Now, Christ is the first fruits of this. And the church itself, in this present age, is also in its way the first fruits of a greater harvest. Moule writes: "In short, the very realization of hope within the Body of Christ only finds its meaning as a foretaste of something greater still. Hope ceasing to be hope unless it becomes itself an outward turned and missionary calling, driving us out to be mediators and ambassadors. It would be meaningless if it were intended only for those already saved."
Hope of this kind is, then, active and practical. It is not simply that we long for the harvest. We work for it, as God's ambassadors. We are "bringing it in." Our calling is not one in which we escape from the tumult of the world to ease and rest: it is a call to action. This is the nature of Sonship and what is meant by "the cost of discipleship."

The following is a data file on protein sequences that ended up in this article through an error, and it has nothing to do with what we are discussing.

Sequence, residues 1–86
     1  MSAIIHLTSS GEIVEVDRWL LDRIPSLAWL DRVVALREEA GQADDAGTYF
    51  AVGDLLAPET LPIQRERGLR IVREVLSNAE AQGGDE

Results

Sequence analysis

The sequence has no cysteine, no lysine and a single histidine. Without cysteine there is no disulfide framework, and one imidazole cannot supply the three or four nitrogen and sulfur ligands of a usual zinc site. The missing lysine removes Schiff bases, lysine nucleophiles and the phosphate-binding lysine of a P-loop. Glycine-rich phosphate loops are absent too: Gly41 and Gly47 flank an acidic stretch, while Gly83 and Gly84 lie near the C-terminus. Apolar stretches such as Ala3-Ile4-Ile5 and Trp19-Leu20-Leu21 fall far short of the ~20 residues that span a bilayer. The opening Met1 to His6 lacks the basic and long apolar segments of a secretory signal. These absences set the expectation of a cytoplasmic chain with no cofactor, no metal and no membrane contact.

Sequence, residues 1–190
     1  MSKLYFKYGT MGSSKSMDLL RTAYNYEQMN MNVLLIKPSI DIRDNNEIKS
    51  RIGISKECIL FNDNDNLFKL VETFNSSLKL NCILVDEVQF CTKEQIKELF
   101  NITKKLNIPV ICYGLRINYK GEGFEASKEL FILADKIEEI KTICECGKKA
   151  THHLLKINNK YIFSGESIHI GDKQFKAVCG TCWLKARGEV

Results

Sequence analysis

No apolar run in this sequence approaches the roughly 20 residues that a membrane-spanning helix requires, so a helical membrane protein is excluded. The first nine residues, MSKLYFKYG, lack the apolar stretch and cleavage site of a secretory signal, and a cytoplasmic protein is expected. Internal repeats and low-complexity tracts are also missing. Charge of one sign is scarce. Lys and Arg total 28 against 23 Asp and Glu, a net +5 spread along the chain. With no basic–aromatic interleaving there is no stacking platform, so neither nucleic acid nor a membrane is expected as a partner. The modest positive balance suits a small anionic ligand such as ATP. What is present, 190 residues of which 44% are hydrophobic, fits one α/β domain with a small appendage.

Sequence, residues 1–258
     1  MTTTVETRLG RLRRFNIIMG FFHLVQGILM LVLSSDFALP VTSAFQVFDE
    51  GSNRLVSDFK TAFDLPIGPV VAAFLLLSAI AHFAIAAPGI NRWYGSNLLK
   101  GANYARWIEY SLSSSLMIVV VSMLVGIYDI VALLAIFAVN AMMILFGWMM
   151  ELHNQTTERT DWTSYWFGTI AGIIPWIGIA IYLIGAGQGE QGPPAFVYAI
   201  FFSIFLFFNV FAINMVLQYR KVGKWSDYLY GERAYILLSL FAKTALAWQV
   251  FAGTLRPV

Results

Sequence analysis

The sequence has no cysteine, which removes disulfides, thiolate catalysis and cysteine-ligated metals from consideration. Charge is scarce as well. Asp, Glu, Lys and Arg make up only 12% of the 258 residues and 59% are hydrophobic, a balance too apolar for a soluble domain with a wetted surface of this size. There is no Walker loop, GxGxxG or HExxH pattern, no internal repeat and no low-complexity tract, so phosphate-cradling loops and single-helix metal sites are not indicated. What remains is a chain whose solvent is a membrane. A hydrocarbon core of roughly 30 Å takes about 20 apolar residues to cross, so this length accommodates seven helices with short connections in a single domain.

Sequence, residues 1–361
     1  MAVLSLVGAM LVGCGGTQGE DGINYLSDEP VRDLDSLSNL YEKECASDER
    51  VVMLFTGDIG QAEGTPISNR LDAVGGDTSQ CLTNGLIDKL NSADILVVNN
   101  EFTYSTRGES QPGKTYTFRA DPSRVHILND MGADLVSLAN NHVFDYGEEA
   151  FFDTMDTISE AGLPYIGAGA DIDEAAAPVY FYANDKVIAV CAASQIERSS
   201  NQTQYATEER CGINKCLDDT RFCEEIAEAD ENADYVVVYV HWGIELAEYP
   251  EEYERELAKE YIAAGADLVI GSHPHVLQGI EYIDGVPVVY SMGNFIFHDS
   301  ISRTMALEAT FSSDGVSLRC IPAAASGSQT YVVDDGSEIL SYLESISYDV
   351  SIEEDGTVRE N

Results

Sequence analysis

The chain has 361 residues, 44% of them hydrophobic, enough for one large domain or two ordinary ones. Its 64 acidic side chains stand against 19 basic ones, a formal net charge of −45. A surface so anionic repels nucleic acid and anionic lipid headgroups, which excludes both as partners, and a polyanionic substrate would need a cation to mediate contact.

We are now to the last pages of The Meaning of Hope. Moule writes:
We [the church] are called to be the growing-point of a new human society, by being united in the obedience of sons. One perfectly obedient life we claim has actually been lived--the life of the absolute Son of god, Jesus Christ. We have already recognized that the supremely victorious quality of that life and death and resurrection constitutes the anchor of our hope. It is clear from our present line of study that this is not merely a historical anchorage in the past, but, more organically viewed, a representative principle of obedience at the very heart of things--a cell of life and health at the center of a sick organism: 'As in Adam all die, even so in Christ shall all be made alive.' And it is this vital growing-point, and its growing Body, the church, animated by the Holy Spirit, which gives ground for hope and a final redemption of all things. . . .